The role of nearest relative is complex and often misunderstood. This handbook offers an expert legal analysis of the role, the powers it carries and the limits of those powers. When a person is subject to the Mental Health Act 1983, many of his or her principal rights are taken away. It is the function of the nearest relative to compensate for that loss. This very accessible book explains how the nearest relative is identified and what the role can involve, and it contains a wealth of case examples and illustrative scenarios. The book provides a succinct discussion of each significant case, and it incorporates all the very latest changes to the Mental Health Act and looks at areas where further changes might be made. "The Nearest Relative Handbook" is the first full-length reference work to tackle this subject systematically and comprehensively. It will be an invaluable aid to those who find themselves in a professional relationship with a nearest relative, to those who are or wish to be a nearest relative, and to anyone needing to make sense of the relevant statutory provisions.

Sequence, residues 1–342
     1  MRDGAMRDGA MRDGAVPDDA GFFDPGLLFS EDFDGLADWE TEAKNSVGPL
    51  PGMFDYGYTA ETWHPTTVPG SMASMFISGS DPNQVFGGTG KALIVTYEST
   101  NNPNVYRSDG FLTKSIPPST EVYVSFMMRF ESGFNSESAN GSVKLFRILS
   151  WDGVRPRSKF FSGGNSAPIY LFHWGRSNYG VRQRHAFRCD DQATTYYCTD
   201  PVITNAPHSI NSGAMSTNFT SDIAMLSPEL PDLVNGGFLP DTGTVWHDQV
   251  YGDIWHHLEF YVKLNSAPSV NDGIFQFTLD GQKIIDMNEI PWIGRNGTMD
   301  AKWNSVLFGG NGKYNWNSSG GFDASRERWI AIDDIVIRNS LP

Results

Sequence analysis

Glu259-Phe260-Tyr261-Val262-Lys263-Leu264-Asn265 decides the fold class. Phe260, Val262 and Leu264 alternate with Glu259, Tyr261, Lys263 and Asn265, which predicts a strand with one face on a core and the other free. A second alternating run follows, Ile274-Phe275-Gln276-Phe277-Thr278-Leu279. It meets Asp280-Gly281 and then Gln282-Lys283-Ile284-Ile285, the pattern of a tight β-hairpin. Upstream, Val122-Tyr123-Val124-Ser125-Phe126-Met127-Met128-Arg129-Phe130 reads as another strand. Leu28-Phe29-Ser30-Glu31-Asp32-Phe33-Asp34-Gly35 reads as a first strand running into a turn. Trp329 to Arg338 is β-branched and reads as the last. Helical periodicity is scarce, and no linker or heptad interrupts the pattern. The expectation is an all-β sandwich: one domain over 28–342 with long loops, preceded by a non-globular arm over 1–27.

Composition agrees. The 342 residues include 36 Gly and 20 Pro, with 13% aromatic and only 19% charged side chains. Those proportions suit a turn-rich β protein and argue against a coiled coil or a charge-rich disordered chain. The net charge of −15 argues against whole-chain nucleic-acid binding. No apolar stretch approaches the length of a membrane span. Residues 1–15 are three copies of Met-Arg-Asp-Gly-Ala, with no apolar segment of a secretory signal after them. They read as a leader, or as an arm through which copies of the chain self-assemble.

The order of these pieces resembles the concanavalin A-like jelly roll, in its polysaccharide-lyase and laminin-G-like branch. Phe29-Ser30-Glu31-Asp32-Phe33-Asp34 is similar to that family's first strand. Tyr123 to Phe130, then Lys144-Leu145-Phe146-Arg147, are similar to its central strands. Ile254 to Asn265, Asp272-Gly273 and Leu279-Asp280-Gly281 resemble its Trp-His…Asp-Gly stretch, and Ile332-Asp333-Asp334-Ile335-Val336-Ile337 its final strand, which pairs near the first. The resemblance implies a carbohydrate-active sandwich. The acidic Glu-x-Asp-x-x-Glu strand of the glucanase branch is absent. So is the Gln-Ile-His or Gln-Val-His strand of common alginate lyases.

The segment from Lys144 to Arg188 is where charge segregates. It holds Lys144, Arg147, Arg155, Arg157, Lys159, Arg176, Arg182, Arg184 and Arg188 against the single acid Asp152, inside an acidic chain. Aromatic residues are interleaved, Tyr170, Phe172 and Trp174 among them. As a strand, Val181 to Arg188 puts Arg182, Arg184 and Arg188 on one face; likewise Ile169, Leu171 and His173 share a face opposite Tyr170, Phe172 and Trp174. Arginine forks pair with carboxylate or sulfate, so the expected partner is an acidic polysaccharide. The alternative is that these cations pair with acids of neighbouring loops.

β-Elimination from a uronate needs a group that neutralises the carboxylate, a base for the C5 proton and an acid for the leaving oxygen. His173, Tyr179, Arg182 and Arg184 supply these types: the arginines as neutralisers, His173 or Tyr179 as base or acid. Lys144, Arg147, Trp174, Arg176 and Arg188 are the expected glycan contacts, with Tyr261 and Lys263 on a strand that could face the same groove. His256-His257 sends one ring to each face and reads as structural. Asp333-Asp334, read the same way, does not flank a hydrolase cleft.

Table of Contents
Introduction. 1. The Recent History of the Nearest Relative. 2. The Nearest Relative of an Adult. 3. The Nearest Relative of some Minors. 4. Ceasing to be the Nearest Relative. 5. Admission and the Nearest Relative. 6. Supervised Discharge and the Nearest Relative. 7. Discharge and the Nearest Relative. 8. The Nearest Relative and the Mental Capacity Act. Appendix One. Statutory Extracts. Appendix Two. Other Materials. Appendix Three. Specimen Document. Appendix Four. Table of Cases. References. Subject index. Author index.
David Hewitt is a solicitor and a partner in Hempsons, where he specialises in mental health law. He was a member of the Mental Health Act Commission for nine years until 2005 and now holds visiting fellowships at Northumbria University and Lincoln University. He is a President of Mental Health Review Tribunals and sits on the editorial board of The Journal of Mental Health Law. He appeared as a witness before the joint Parliamentary committee on the draft Mental Health Bill of 2004 and has also given evidence on the substantive Bill.